Halloween Horror Nights: killers, ghouls and one very scary little girl

the-exorcist
The face of ‘The Exorcist’s little possessed girl Regan (Linda Blair). who haunted my dreams for years as a kid. (Photo courtesy of Universal Orlando Resort.)

ORLANDO — When the leaves turn brown and begin to fall, when the weather starts getting a tad nippier at night, when the NFL season is in full swing, that only means one thing….it’s time to get the living heck scared out of you at Halloween Horror Nights at Universal Orlando Resort.

Yes, the 26th annual frightfest returns Friday, running on select nights through Oct. 31 with nine haunted houses, including those featuring Leatherface, the chainsaw-loving homicidal maniac from “The Texas Chainsaw Massacre;” Michael Myers, the knife-wielding, slow-walking killer from, oh, 68 “Halloween”  films; the bloodthirsty zombies from AMC’s “The Walking Dead” and, the one I’m looking forward to most, the pea soup-spewing, head-spinning demonic little girl from “The Exorcist” – still the scariest movie ever made.

If that’s not enough, look for more chills and thrills inside “American Horror Story,” FX’s wildly popular anthology, but ridiculously violent, series and “Krampus,” a horned creature who punishes children at Christmastime. Gives new meaning to the “Santa Claus Is Coming to Town” lyrics, “You better watch out/You better not cry/You better not pout/I’m telling you why,” doesn’t it?

Also look for five scare zones and two live shows.

Anyone who really knows me, knows Halloween Horror Nights is one of my favorite events of the year. I moved to Florida from New York in 1996 with my family and I’ve been to every HHN since.

What I looked like before venturing inside Michael Myers' house at Halloween Horror Nights two years ago.
What I looked like before venturing inside Michael Myers’ house at Halloween Horror Nights two years ago.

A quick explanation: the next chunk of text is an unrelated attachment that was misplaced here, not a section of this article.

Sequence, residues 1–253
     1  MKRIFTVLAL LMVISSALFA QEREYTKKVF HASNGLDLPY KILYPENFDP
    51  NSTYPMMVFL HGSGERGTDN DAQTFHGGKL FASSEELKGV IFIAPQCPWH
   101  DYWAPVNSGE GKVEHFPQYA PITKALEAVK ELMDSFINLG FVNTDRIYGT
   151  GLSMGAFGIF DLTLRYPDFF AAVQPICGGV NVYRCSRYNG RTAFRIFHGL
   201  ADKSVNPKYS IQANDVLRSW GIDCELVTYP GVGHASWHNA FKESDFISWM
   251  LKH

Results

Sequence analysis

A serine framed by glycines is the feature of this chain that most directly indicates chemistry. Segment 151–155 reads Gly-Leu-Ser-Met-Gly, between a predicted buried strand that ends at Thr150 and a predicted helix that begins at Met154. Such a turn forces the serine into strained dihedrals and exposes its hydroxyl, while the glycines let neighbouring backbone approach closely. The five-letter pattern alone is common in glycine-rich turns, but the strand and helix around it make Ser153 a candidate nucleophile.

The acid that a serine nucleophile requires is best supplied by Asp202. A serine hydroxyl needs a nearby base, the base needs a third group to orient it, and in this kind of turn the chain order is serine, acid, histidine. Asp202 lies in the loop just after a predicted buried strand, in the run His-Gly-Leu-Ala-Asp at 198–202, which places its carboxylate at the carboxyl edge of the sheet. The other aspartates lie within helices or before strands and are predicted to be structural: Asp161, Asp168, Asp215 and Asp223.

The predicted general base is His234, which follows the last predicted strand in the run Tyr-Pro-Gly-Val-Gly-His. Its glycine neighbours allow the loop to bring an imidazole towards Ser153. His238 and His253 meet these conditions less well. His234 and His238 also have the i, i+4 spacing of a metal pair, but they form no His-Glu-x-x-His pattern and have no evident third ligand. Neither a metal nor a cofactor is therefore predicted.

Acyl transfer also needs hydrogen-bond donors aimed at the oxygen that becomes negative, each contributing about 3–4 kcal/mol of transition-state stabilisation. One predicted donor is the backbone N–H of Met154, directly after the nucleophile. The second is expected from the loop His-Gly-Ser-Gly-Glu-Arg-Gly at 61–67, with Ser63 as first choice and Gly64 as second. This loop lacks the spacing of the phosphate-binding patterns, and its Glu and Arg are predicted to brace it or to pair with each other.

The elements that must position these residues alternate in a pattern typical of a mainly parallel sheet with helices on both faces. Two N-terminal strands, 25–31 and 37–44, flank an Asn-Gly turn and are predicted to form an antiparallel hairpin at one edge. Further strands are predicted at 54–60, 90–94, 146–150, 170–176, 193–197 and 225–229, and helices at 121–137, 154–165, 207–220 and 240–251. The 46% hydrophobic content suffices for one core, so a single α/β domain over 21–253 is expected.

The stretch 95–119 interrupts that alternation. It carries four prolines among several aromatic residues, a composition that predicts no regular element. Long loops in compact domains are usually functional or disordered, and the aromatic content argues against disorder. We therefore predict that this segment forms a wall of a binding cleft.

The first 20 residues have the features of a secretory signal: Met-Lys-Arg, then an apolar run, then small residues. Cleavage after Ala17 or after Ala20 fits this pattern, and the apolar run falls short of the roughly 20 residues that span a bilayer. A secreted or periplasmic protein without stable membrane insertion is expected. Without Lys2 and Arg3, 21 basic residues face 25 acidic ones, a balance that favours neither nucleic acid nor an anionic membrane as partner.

Two years ago was one of my favorites as I stood toe-to-toe with Michael Myers, wondering if I was going to make it out of his Haddonfield, Ill., house alive. OK, so I wasn’t really wondering that since this is all make-believe stuff, but, hey, work with me here.

This year, I’m psyched about “The Exorcist,” a movie that haunted my dreams for months after seeing it as an 11-year-old kid when the film premiered in 1973. I wasn’t alone. Moviegoers were reported fainting in theaters. I wasn’t that bad. I just covered my eyes a lot. If I had another set of hands, I would’ve covered my ears while little girl Regan (Linda Blair) was speaking in tongues. I still haven’t forgiven my mom for taking me.

Anyway, I’m 54 now. Way past the childhood trauma of watching a little girl’s head spin 360 degrees while she’s saying the kind of naughty things no little girl has any business saying.

At least, I hope I’m past that trauma. I’ve seen the film several times since 1973 and usually rent it around Halloween as part of my own personal “Horrorfest” movie marathon I host at home. But watching a film and seeing a possessed little girl whose voice is deeper than mine in person are two different things.

Look for an upcoming blog on my reaction to little girl Regan’s evil antics in the coming weeks.

For more ghoulish information on HHN, click here….if you dare! (Cue sinister laugh)